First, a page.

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Get skilled, transparent

delhi Updated: Nov 03, 2009 23:27 IST
Joyeeta Ghosh
Joyeeta Ghosh
Hindustan Times
Highlight Story

You too may have something in common with California Governor and Hollywood actor Arnold Schwarzenegger and Chemistry Nobel prize winner George Lucas — if you enrol in a community college.

On Tuesday, Indira Gandhi National Open University (IGNOU) and American Association of Community Colleges participated in an interactive session on community colleges.

Community colleges run under larger regular colleges, offer two-year courses in vocational skills.

They are especially useful to those unable to study in a

conventional education system.(See box).

The session was organised by US-India Educational Foundation and its focus was to evaluate how the American model of Community Colleges (CCs) can be adopted in India. IGNOU has 50 CCs registerd with it already.

Interesting figures emerged from the interactive session.

In the US, CCs constitute the largest segment of higher education. These include nearly 1,200 institutions with an enrollment of 11 million students.

In sharp contrast, in India the figure is merely 11 per cent. This is especially relevant because only 5 per cent of the total workforce in India has some kind of certification, as compared to 85 per cent in developed nations.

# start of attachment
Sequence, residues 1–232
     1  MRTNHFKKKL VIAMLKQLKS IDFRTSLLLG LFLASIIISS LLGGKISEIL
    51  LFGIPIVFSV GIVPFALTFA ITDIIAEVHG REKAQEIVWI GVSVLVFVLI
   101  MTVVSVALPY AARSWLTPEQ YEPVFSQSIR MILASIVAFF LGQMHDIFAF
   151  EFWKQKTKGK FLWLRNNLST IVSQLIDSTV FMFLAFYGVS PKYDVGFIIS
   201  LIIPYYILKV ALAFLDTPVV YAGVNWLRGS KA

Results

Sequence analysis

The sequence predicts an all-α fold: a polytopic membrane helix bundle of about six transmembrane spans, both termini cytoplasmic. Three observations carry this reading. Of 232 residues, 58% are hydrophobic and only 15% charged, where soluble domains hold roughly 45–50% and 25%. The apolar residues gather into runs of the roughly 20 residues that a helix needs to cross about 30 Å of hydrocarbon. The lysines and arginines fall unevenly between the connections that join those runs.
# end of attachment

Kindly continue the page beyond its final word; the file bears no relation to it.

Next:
Community colleges can prove very valuable in bridging this disparity.

In the US, CCs offer vocation-oriented educational programmes and training to students, laced with placements, as all courses are promoted and supported by industries.

“We shall explore best practices in the US system and examine whether these are compatible with Indian conditions,” said IGNOU Pro-Vice Chancellor Dr Latha Pillai said.

Referring to IGNOU’s recent tie-up with the Indian Army for setting up CCs to empower in-service and retired personnel, Pillai expressed the hope that in about five years, the enrolment figure will reach 5 million.

Common service centres in village panchayats can be turned into vibrant community colleges too, said Pillai.